Compared with Tera 10, which went into production in 2005, Tera 100 is 20 times more powerful, occupies the same floor space and is seven times more energy efficient. A few months after bullx was named as the best supercomputer in the world in the USA, Tera 100 confirms the technological expertise that Bull has built up, as well as the CEA's in-depth knowledge of complex infrastructures for High-Performance Computing (HPC). The success of Tera 100 also highlights the leading role that architectures based on standard components now play in HPC, especially those combining Intel® Xeon® processors, Linux® system and Open Source software.
*petaflops-scale: capable of carrying out one million, billion operations a second
About the CEA
The French Alternative Energies and Atomic Energy Commission (CEA) leads research, development and innovation in four main areas: low-carbon energy sources, global defense and security, information technologies and healthcare technologies. The CEA's leadership position in the world of research is built on a cross-disciplinary culture of engineers and researchers, ideal for creating synergy between fundamental research and technological innovation. With its15,600 researchers and collaborators, it has internationally recognized expertise in its areas of excellence and has developed many collaborations with national and international, academic and industrial partners.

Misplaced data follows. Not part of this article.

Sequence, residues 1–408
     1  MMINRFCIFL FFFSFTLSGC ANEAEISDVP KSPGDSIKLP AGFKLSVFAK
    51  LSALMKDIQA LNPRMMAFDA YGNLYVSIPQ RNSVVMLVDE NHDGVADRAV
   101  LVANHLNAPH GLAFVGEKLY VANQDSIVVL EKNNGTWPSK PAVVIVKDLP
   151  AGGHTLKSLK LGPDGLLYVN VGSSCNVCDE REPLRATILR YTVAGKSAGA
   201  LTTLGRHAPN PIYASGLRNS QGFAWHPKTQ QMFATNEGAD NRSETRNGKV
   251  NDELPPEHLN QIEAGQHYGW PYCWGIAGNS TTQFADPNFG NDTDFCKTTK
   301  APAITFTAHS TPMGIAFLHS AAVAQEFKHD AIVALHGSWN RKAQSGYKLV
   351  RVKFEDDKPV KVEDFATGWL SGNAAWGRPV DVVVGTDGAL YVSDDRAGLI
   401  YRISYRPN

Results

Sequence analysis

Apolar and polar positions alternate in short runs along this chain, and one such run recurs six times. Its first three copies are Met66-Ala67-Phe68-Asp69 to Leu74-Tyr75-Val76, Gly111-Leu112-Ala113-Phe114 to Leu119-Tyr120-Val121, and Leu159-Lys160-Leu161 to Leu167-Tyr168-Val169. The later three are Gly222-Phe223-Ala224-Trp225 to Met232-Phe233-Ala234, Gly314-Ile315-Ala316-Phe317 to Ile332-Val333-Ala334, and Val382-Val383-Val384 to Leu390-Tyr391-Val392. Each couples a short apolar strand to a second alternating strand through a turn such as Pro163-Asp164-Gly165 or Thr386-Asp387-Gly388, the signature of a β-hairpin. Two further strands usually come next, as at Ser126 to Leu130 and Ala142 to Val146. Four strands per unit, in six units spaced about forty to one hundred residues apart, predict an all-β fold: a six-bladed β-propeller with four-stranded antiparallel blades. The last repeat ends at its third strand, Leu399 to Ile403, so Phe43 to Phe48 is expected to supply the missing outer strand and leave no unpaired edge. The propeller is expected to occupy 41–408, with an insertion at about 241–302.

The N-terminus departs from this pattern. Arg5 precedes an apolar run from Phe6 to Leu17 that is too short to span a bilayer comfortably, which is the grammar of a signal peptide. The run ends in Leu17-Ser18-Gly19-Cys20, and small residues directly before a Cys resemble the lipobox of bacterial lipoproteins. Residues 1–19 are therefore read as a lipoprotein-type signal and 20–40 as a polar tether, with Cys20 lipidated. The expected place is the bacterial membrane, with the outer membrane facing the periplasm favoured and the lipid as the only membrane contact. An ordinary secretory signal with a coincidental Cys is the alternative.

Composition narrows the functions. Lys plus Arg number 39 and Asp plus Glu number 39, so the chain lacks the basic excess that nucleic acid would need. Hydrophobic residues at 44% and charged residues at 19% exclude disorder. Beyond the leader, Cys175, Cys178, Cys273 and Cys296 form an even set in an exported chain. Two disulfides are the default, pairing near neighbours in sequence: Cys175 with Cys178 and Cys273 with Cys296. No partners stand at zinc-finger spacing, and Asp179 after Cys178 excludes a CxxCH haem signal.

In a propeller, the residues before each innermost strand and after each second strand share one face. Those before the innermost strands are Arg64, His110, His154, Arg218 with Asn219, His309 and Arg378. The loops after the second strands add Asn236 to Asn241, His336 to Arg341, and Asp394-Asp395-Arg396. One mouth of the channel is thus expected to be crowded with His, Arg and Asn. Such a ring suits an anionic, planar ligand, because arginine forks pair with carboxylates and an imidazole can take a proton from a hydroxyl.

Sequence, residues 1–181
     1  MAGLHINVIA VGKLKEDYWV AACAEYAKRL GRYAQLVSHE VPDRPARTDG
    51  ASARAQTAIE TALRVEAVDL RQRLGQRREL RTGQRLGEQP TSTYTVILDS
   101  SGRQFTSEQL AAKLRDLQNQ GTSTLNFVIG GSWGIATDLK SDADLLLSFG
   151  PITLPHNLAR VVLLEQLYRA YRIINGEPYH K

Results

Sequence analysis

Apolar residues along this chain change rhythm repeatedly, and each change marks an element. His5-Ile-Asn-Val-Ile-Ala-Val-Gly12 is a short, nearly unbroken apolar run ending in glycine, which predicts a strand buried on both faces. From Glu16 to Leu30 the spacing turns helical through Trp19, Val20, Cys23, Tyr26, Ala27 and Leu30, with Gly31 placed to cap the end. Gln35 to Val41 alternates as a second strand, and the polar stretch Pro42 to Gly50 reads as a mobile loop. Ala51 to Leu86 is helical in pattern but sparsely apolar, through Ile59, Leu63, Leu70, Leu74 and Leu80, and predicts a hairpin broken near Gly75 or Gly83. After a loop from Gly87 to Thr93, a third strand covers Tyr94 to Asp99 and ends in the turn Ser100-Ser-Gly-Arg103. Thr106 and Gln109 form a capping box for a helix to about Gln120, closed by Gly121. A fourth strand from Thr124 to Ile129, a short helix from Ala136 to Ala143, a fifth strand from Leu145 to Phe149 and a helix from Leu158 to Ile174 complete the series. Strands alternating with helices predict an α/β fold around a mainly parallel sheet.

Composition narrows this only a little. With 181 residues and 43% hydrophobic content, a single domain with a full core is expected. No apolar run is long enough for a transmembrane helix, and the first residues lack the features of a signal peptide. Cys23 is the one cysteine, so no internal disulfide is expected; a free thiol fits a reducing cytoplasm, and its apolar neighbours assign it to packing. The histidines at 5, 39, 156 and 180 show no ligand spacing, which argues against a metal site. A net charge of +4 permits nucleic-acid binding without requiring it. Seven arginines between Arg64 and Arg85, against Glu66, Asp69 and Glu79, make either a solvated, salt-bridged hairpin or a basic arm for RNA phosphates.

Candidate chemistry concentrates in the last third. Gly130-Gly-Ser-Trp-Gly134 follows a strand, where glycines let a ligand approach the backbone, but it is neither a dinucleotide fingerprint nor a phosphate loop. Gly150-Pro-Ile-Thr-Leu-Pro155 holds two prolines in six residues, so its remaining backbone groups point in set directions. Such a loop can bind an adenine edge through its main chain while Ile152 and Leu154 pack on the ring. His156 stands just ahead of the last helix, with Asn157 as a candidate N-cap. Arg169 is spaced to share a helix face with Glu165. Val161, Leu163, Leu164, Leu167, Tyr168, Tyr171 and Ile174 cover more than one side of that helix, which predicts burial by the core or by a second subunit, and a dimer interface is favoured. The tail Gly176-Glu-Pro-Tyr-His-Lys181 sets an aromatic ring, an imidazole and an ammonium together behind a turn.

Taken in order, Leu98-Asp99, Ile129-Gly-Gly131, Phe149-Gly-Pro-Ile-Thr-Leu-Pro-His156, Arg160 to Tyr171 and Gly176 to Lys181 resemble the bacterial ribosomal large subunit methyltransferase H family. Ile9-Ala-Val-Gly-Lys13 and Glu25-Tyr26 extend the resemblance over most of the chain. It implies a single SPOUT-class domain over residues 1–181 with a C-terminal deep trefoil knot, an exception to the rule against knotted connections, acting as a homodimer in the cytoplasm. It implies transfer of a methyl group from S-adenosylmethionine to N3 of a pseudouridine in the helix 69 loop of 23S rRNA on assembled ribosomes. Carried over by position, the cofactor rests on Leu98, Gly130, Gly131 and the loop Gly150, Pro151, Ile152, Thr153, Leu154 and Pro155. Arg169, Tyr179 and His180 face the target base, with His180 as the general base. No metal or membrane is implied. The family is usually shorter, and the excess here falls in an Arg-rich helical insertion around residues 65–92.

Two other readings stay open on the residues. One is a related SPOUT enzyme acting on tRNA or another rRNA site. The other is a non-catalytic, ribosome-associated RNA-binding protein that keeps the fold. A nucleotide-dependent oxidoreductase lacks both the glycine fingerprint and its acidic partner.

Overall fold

CEA: Stéphane Laveissière - Tel: +33 (0)1 64 50 27 53 - firstname.lastname@example.org
Bull is a leader in secure mission-critical digital systems. The Group is dedicated to developing and implementing solutions where computing power and security serve to optimize its customers' information systems, to support their business.
Bull operates in high added-value markets including computer simulation, Cloud computing and 'computing power plants', outsourcing and security.
Currently Bull employs around 9,000 people across more than 50 countries, with over 700 staff totally focused on R&D. In 2011, Bull recorded revenues of 1.3 billion.
For more information visit: http://www.bull.com